To actually do what they are paid to do – ensure the e-script is part of a suite of interlocking clinical transactions that are ultimately part of an individual patient health record.
Oh happy days, guess what this will mean?
The private operators will ask for compensation or, some other form of remuneration, to justify their ‘cooperation’ for the greater good.
What is the greater good?
The policy makers and other experts are charged with working towards minimising iatrogensis by the use of health informatics, standards, technology systems and communication platforms.
Before you rush off, to check the dictionary, the various explanations for ‘iatrogensis’ variously refer to doctor error and disease related errors.
But errors abound in the healthcare system, and of course, we usually refer to them as medical misadventures.
Medical misadventures are caused by all sorts of people and situations, not just doctors.
One of the quotes that sums this up bluntly is - “we must avoid doing harm at the speed of light”.
That is, when manual service procedures are e-enabled the core benefit must be better patient care, not just processing speed.
Just sending a prescription electronically from a prescriber to a dispenser, across the street or via hub, is not the clever bit.
How it is done is not as crucial as what is done holistically that improves health outcomes.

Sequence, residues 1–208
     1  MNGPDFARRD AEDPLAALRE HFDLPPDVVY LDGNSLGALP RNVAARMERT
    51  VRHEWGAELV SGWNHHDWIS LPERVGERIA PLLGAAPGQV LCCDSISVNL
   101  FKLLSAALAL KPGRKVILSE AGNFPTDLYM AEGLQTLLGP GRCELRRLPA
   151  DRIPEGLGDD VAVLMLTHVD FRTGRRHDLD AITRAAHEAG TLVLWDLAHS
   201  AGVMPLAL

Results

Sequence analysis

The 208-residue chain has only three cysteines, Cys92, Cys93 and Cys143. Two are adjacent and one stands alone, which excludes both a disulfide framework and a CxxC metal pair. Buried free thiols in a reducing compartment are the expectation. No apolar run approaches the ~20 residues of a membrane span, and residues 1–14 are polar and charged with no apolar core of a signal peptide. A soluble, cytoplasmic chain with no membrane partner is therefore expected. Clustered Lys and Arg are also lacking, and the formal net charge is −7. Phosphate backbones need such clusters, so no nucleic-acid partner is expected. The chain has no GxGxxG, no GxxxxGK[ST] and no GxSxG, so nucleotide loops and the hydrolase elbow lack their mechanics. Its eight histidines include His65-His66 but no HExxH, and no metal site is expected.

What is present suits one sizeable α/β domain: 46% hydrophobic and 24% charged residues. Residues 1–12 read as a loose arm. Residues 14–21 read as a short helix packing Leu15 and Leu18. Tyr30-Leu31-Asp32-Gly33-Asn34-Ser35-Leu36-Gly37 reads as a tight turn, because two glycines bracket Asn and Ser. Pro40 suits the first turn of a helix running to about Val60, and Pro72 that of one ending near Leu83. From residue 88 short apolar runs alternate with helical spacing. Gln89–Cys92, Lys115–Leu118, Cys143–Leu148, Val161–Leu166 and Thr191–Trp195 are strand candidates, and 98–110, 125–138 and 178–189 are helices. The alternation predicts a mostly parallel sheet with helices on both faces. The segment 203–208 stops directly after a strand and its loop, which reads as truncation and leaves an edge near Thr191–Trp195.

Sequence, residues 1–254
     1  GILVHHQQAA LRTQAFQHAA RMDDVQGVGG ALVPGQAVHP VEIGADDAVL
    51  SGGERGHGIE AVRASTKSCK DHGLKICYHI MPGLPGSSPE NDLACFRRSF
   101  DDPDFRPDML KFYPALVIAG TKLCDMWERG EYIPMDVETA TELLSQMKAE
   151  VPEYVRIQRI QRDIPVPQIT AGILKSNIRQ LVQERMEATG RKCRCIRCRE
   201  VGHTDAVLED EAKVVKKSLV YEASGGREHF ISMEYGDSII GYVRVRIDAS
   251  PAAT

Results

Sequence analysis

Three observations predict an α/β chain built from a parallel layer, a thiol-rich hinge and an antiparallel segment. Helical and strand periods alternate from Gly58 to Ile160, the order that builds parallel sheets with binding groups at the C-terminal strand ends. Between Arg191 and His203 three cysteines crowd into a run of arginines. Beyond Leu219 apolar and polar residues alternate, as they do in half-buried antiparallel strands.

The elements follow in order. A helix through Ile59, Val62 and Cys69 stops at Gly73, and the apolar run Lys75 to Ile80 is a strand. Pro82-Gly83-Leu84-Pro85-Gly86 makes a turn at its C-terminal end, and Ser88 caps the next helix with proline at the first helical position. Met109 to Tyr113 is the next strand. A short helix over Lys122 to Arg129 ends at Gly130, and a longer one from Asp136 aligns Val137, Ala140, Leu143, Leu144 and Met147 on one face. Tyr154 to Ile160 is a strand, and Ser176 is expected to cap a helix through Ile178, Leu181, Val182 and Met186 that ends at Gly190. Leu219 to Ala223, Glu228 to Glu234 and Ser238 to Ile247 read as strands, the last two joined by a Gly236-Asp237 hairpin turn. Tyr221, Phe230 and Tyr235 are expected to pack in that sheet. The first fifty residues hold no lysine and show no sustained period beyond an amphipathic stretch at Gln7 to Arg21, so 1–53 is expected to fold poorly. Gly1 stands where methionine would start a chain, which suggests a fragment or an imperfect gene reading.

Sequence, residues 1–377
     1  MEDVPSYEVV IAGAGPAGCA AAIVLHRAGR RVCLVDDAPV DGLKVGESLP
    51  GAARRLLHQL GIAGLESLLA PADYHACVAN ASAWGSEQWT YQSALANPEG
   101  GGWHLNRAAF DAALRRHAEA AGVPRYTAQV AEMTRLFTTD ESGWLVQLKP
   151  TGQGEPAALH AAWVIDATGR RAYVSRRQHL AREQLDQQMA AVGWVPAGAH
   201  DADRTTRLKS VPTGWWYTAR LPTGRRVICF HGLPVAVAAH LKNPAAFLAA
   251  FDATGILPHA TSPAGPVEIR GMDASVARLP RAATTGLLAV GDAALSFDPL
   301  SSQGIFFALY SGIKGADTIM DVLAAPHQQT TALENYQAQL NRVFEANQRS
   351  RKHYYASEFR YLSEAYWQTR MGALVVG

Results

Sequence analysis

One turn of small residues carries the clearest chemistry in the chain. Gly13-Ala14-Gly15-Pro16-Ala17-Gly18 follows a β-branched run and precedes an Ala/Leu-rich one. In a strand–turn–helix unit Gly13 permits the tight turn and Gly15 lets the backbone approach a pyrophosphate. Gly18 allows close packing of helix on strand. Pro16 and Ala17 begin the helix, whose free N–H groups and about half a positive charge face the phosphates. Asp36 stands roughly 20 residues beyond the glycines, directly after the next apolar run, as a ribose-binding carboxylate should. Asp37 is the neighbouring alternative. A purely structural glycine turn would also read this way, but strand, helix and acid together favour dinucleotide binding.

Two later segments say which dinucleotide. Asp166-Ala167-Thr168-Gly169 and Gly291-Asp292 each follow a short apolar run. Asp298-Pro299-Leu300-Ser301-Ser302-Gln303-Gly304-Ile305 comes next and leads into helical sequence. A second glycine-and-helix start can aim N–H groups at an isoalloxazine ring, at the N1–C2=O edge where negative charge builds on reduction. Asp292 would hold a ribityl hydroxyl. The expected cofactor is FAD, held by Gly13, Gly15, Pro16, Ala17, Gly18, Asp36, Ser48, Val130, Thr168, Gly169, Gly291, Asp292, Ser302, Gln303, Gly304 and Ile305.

A free-for-all competitive stoush is now underway for a prize that is ill-defined and will remain so until or when the public-policy platform is enforced.
Are the private operators acting out a plot that will only result in making their own iatrogensis? Perhaps they are taking a risk but they obviously think the risk has merit.
And that is the Granddaddy question and issue; what is the risk of iatrogensis events to you, me, her and him from all of this privately driven e-prescription activity?
Moreover if we follow the money trail, all treasure chests and troughs lead back to government agencies spending taxpayer money to deliver to us better health care services.
Australia cannot make a fatal (pardon the pun) mistake here.
Or, will we?
Which leaves us with the real and only series of questions of how is this going to be fixed, who is going to do it and when?
Opinions aside, this surge of market activity by the private sector has at least ensured the we no longer have to answer the ‘if’ question.